Melbourne came first in The Economist‘s Global Liveability Index released yesterday. This is Melbourne’s fifth “win” in a row. Adelaide, Sydney and Perth ranked fifth, seventh and ninth respectively, as they did last year. Brisbane came in 20th again.

I’ve reviewed each release of the Economist Intelligence Unit’s (EIU) Global Liveability Index for the last five years. Here’s a summary of the key points:

  • It’s a guide to companies on what they should pay their execs while they’re on assignment. It’s therefore not a guide to the best cities to live in permanently, and it’s not at all useful for those who aren’t highly remunerated;
  • It doesn’t take account of the cost of living for permanent residents, or key issues like job opportunities and housing affordability;
  • It overwhelmingly reflects national or statewide characteristics like health and education, not the attributes of individual cities;
  • The scores of the top 10 cities are so close the differences are inconsequential; it borders on frivolous to even make a distinction between No. 1 and No. 10; and
  • There’s enormous variability in the quality of the data between countries, and the methodology isn’t as transparent as it should be.

Whatever its usefulness for companies sending executives on assignment might be, the index has little relevance for permanent residents of a city or for urban policymakers.

Of course, politicians won’t be able to resist making political capital from the survey, but the rest of us should understand it means almost nothing in terms of informing policy.

In this excruciatingly titled media release from the City of Melbourne, High five: Melbourne tops liveability rankings again, lord mayor Robert Doyle says Melbourne excelled on the five criteria: stability, healthcare, culture and environment, education and infrastructure:

“We should be very proud of our city being named World’s Most Liveable City for the fifth year in a row. It is unprecedented for Melbourne and is particularly pleasing in a year when the Economist Intelligence Unit notes that many cities lost ground.

“We must be doing something right in our cities in this part of the world: half of the top 10 most liveable cities are in Australia and New Zealand.”

You’ve got to admire Doyle’s front: the City of Melbourne occupies just 1.4% of Melbourne’s urbanised area and has 2.4% of the population. As far as I’m aware, the municipality doesn’t administer a police force, run hospitals and schools, or build railway lines, motorways, sewage treatment plants or power stations.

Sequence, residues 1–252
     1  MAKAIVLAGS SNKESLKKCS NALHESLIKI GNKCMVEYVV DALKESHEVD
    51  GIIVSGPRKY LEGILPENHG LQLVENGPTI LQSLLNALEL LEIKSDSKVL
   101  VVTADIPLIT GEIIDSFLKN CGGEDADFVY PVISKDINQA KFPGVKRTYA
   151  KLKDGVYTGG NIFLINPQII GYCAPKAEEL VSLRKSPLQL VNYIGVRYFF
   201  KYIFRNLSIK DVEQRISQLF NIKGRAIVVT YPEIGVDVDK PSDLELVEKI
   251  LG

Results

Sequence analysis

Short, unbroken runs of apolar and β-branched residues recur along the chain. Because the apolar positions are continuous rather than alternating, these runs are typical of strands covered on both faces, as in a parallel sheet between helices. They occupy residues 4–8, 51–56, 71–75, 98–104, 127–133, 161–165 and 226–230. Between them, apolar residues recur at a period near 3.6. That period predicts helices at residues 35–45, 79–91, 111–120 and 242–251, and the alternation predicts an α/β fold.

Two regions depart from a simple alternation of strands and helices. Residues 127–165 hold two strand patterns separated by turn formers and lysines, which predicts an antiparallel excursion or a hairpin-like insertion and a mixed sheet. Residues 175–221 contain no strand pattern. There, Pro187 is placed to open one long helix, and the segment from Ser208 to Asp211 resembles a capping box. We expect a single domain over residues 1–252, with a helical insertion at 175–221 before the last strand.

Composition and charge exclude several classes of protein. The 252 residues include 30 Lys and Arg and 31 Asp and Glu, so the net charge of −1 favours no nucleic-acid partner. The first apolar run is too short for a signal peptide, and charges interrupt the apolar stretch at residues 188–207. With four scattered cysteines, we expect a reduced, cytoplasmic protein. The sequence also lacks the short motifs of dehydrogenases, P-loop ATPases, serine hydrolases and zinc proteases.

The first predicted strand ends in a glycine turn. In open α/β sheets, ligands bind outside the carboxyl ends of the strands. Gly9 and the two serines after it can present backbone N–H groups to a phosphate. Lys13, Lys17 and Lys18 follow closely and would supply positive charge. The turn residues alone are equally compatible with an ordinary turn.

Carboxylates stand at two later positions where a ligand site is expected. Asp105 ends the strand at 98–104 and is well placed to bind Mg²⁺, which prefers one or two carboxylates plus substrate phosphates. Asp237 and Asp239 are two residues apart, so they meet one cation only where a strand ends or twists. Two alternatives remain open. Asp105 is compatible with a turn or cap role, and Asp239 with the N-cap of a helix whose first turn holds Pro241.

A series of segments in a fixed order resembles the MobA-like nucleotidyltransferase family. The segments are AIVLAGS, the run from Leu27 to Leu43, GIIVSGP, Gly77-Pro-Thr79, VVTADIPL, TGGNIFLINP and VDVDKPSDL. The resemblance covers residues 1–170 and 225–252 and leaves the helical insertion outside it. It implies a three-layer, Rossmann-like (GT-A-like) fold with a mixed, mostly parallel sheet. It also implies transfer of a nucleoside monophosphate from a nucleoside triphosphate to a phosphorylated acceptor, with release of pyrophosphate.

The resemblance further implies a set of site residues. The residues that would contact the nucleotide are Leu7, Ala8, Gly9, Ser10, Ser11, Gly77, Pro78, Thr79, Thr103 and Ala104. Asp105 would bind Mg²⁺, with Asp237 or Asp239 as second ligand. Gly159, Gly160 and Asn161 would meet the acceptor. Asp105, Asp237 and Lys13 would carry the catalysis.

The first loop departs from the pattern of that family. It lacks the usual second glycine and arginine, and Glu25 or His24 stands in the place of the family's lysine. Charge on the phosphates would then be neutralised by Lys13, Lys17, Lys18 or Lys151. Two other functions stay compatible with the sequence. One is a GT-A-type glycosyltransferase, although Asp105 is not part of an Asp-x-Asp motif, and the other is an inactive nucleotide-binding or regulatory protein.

The attributes that make Melbourne attractive to expatriates and consequently won it the EIU’s gong owe much, much more to state and federal policy than they do to the actions of the City of Melbourne.

Brisbane’s lord mayor, Graham Quirk, has a stronger claim to the rankings, since his municipality has a population around 10 times larger than Doyle’s, and runs a big fleet of buses and ferries. He made the best of Brisbane’s (relatively) low score, arguing the old “they don’t know what they’re missing” line:

“I’m sure these survey authors would change their mind if they paid us a visit, to see how we really weigh up to the criteria.”

The EIU’s report is at its most interesting when it explains why cities like Melbourne are preferred for expatriates over arguably more exciting cities such as Paris:

“Those that score best tend to be mid-sized cities in wealthier countries with a relatively low population density. These can foster a range of recreational activities without leading to high crime levels or overburdened infrastructure …

“Global business centres tend to be victims of their own success. The ‘big city buzz’ that they enjoy can overstretch infrastructure and cause higher crime rates. New York, London, Paris and Tokyo are all prestigious hubs with a wealth of recreational activity, but all suffer from higher levels of crime, congestion and public transport problems than would be deemed comfortable.”

I get the distinct impression few readers of The Urbanist think public transport is better in Australian cities than in New York, London, Paris and Tokyo!

There’s a lot more in my previous discussions of this topic, including consideration of an alternative measure that isn’t so kind to Australian cities.

Having said all that, Melbourne does do a lot of things really well. And while it pertains to conditions in 2011, this Crikey piece by Possum Comitatus on “Australian Exceptionalism” shows that we can work pretty well as a nation, too.

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Peter Fray
Peter Fray
Editor-in-chief of Crikey
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